While the industry is undergoing a profound transformation thanks to the green and digital transition, the European population is ageing. Some of the skills needed to support the European economy will have to come from immigration from third countries, which the Commission is trying to facilitate with a number of proposals.
A proposal to facilitate the verification of third-country certifications and the creation of an EU talent pool is expected to be presented by the European Commission this year.
Action seems necessary. EU employment figures are higher than at any time since the EU’s statistical body, Eurostat, started publishing these data in 2009, standing at 74.7% of the working-age population in the third quarter of 2022. Yet trade associations are complaining about labor shortages.
And the working-age population is declining. In 2021, there were 5.4 million fewer people between the ages of 20 and 64 than in 2013. That might only represent a 2% decline over eight years, but it’s still the wrong direction.
Limited skills, limited success
So, even if the EU were perfectly successful in retraining people for the green and digital transition, it would still have to turn to immigration, if it wants to maintain its relative economic power in the world.
“If we want to have successful societies, we have to make room for immigration from third countries,” Maxime Cerutti, director of the social affairs department at Business Europe, told EURACTIV.
However, he warned that the EU must “ensure that there is support in society for migration”, arguing for a greater focus on labor market needs when it comes to migration.
However, the EU’s success in attracting and using talent from third countries has been limited so far.
For example, an “EU Blue Card” was introduced in 2011 to attract highly skilled and well-paid workers. The card would allow its holder to work and live in any EU country, but uptake remains very low.
In 2021, only around 29,000 blue cards were issued in the EU, two thirds of them in Germany.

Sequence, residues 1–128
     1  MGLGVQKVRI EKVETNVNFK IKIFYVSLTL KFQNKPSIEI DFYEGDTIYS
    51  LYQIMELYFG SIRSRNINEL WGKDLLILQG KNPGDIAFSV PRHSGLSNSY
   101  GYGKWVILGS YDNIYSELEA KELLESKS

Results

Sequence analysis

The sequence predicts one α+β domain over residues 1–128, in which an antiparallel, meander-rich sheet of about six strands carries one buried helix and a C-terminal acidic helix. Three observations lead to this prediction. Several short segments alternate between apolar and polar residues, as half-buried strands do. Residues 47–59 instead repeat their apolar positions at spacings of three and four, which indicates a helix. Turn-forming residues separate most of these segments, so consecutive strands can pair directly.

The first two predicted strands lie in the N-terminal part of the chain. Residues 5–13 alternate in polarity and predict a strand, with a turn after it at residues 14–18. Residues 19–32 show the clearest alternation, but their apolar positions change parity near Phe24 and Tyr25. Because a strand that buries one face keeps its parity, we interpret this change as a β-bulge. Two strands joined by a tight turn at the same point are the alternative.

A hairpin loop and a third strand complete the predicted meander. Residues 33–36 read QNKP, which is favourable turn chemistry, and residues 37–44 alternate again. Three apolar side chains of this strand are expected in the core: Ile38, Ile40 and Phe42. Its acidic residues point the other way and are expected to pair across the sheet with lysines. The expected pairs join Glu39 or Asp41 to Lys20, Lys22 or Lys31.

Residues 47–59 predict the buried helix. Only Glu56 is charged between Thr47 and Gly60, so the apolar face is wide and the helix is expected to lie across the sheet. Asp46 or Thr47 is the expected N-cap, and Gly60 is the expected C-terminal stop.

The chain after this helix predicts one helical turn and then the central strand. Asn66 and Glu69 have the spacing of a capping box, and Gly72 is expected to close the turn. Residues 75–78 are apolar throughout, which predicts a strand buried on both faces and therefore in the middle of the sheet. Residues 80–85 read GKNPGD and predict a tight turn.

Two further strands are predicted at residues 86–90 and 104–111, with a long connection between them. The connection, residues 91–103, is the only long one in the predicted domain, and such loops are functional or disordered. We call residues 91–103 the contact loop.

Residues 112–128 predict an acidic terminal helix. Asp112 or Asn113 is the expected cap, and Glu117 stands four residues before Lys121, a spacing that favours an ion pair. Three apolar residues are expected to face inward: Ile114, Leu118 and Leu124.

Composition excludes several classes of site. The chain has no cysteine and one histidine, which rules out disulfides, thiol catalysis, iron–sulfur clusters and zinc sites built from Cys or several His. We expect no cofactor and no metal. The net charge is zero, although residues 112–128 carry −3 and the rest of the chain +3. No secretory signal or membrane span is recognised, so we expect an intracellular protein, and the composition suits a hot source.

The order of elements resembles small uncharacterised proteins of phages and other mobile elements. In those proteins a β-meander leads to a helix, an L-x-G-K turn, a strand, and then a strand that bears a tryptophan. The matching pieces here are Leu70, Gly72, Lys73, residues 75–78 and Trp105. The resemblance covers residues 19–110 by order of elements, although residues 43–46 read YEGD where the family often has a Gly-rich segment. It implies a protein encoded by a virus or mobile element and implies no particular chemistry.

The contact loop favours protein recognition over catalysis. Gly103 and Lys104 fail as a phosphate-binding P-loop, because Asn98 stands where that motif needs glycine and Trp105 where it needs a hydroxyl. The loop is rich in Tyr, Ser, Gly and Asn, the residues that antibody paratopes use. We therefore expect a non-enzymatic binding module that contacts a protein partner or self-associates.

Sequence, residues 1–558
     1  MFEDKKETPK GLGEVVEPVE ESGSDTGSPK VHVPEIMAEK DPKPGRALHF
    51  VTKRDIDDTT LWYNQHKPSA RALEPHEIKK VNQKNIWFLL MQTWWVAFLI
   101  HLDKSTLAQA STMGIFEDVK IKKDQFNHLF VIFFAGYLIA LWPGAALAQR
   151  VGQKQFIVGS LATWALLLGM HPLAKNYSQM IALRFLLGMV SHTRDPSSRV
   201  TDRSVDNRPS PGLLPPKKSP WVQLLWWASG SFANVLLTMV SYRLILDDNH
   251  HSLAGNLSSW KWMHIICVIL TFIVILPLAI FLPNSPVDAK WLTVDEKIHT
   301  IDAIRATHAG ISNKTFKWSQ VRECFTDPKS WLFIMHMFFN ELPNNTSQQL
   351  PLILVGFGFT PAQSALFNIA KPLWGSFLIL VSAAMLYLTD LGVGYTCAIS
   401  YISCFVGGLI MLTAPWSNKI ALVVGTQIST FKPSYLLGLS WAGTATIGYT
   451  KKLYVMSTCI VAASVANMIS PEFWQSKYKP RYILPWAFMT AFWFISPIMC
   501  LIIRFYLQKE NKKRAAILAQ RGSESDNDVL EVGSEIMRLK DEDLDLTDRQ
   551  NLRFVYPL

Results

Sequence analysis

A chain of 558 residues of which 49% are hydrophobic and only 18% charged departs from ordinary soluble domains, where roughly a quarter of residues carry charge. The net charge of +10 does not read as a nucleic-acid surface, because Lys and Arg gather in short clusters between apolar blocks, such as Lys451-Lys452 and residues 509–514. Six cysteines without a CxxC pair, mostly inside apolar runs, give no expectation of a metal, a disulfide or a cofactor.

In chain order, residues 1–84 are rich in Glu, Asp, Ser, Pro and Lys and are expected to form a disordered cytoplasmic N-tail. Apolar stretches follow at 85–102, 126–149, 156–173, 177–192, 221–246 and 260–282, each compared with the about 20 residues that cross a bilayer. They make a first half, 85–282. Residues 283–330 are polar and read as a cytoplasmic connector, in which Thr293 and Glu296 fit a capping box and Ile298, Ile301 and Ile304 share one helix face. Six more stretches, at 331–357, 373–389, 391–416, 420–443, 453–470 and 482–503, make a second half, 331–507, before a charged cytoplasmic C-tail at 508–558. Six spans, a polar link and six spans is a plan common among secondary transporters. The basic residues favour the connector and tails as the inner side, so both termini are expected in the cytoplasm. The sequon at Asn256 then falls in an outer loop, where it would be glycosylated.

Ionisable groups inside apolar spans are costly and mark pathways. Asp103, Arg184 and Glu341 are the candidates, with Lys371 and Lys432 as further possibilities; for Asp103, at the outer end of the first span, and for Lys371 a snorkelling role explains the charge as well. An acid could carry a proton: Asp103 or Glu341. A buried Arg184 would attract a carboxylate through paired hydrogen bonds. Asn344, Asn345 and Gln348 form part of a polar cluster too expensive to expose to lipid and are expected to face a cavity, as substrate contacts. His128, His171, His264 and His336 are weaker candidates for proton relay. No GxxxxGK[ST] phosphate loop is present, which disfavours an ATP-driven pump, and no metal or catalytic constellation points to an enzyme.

This is not entirely the fault of the EU since member states still largely control their immigration policies and the EU cannot force any member state to accept more immigration.
EU Talent Pool
Aware of these limitations, the Commission is focusing more on facilitating labor market immigration.
For example, the Commission wants to set up “talent partnerships” with Egypt, Tunisia and Morocco.
According to the Commission, cooperation between authorities, companies and training providers should help to fill the skills gap in Europe. A evaluation of similar pilot projectshowever, showed that such projects require a high degree of coordination and are difficult to scale.
One solution that could work on a larger scale is the “EU Talent Pool” that the European Commission wants to set up this year.
The EU Talent Pool is an online platform where potential migrants can upload their CVs and advertise their skills to European employers, national employment services and private employment agencies.
In October 2022, the European Commission launched a EU Talent Pool pilot targeting Ukrainians fleeing the war. So far, only a few EU member states are participating in the scheme, but more than 4,000 employers appear to be on the platform, according to the pilot’s website.
For Business Europe’s Cerutti, the EU talent pool is a promising idea as it would give employers direct access to potential recruits.
However, even if employers have access to potentially interested candidates, it can be difficult to assess the skills that potential employees actually possess.
The Commission therefore plans to propose a new initiative to “facilitate the recognition of third-country nationals”.
The non-recognition of qualifications from third countries also prevents Europe from taking advantage of the great labor market potential that already exists in Europe.
“One way to address skills shortages is to simplify qualification procedures and benefit from the skills of migrants and refugees already residing in the EU,” Sinem Yilmaz, policy analyst at the Migration Policy Group, told EURACTIV.
“Many migrants are overqualified for their jobs and European employers are struggling to find people with the skills they need.”
Simplifying the recognition of third-country qualifications will not be easy, however. Even within the EU, problems of mutual recognition of qualifications hamper labor mobility, for example for teachers.
And there is another problem: for the EU economy to benefit from the skills and labor of third-country nationals, they must actually want to live in the EU.
“Narrow policies focusing only on attracting skills from outside the EU to overcome skills shortages will not work if member states do not ensure a welcoming community for migrants,” Yilmaz warned.
[Edited by Zoran Radosavljevic]